NEC Electronics introduced the 78K0/KC2-C (three 48-pin variants) and 78K0/KE2-C (three 64-pin variants) 8-bit All Flash microcontrollers (MCUs). The 78K0/KE2-C and 78K0/KC2-C microcontrollers feature with built-in CEC (consumer electronic control) controller and embedded flash memory. The new MCUs enable interdependent control of digital audio/video (AV) applications such as flat-panel TVs and Blu-ray disc players. NEC Electronics’ new MCUs with on-chip CEC controllers allow the CPU to be powered off during standby mode and speed up CEC and HDMI certification process while reducing power consumption and the need to develop custom software.
Samples of the new MCUs begam last month. Pricing varies depending on memory capacity, package, and number of pins. For example, 78K0/KE2-C MCU with 60 KB of Flash memory and 3 KB of RAM equipped on a QFP package with 64-pins is priced at U.S. $ 4 per unit. Mass production of these new products is scheduled to begin in June 2010, and is expected to reach a monthly production of 2,000,000 units by September 2010.
NEC 78K0/KE2-C and 78K0/KC2-C Microcontrollers Features
- Reduced operating power and system cost with built-in CEC controller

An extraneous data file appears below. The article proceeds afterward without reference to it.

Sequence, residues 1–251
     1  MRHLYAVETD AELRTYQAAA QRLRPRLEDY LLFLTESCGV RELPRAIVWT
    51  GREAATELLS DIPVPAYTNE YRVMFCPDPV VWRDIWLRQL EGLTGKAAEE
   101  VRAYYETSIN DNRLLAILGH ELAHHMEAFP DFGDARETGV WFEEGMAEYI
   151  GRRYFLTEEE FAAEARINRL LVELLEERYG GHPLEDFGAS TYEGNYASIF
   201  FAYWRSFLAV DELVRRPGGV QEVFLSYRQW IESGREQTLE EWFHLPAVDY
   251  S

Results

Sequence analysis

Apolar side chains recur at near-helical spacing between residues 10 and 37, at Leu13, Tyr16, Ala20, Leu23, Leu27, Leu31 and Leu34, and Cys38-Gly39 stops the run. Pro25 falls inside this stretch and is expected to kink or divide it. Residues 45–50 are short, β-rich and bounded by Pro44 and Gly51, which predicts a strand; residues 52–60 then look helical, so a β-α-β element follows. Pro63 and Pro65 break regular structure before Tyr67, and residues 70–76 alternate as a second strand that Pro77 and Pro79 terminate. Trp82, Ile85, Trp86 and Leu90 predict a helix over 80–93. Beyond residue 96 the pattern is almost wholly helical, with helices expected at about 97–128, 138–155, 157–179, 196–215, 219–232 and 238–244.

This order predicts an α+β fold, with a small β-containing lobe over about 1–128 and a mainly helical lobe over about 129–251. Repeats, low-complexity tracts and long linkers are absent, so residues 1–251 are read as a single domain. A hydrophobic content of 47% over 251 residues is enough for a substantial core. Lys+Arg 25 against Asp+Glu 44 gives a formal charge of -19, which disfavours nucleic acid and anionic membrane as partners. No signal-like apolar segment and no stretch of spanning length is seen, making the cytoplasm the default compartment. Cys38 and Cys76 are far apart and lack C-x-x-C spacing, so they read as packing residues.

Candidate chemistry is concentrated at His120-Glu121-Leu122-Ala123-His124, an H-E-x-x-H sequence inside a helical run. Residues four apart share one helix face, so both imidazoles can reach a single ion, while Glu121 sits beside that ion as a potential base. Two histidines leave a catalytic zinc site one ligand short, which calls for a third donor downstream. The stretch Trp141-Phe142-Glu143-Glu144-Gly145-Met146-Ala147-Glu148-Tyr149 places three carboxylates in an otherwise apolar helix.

NEC Electronics’ new MCUs with on-chip CEC controller enable signal processing to be performed in hardware, which simplifies software processing and conserves memory utilization, peripheral functions, and CPU resources. Through these improvements, when the system is powered off in standby mode, the CPU remains de-activated, enabling the standby current to be lowered to approximately 10 µA, which is only 0.2 percent of the company’s previous products.
- Enhanced system operability
Unlike conventional offerings that require separate software for CEC controller, NEC Electronics’ new MCUs eases system design complexity through simultaneous processing of CEC and remote control signals, supported by on-chip CEC controller and remote control receiver.
- Comprehensive lineup of development tools
NEC Electronics provides wide variety of development tools along with the new MCUs, including evaluation boards and on-chip debuggers. The new MCUs also support “CEC Viewer” software the system designers can use to simulate sample programs.
More info: NEC Electronics